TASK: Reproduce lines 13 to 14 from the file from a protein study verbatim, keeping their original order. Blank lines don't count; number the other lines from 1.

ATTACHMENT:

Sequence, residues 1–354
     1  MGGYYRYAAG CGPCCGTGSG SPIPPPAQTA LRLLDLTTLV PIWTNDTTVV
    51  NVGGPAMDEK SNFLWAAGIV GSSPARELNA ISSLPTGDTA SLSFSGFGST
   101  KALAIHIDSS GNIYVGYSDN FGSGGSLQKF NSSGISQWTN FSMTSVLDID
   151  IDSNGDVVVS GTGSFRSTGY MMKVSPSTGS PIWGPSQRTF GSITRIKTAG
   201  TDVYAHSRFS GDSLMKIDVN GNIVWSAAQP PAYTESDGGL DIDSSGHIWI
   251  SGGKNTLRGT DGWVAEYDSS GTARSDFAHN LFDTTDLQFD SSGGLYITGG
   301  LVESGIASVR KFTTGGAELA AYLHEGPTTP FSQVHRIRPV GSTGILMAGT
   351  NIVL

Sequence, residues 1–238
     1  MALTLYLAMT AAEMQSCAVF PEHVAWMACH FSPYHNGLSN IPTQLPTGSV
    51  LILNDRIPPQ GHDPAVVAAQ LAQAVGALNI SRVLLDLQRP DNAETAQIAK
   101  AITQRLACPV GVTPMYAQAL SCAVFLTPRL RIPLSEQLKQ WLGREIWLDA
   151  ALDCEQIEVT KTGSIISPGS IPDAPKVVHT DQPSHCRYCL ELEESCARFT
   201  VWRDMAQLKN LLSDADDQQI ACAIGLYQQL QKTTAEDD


   101  AITQRLACPV GVTPMYAQAL SCAVFLTPRL RIPLSEQLKQ WLGREIWLDA
   151  ALDCEQIEVT KTGSIISPGS IPDAPKVVHT DQPSHCRYCL ELEESCARFT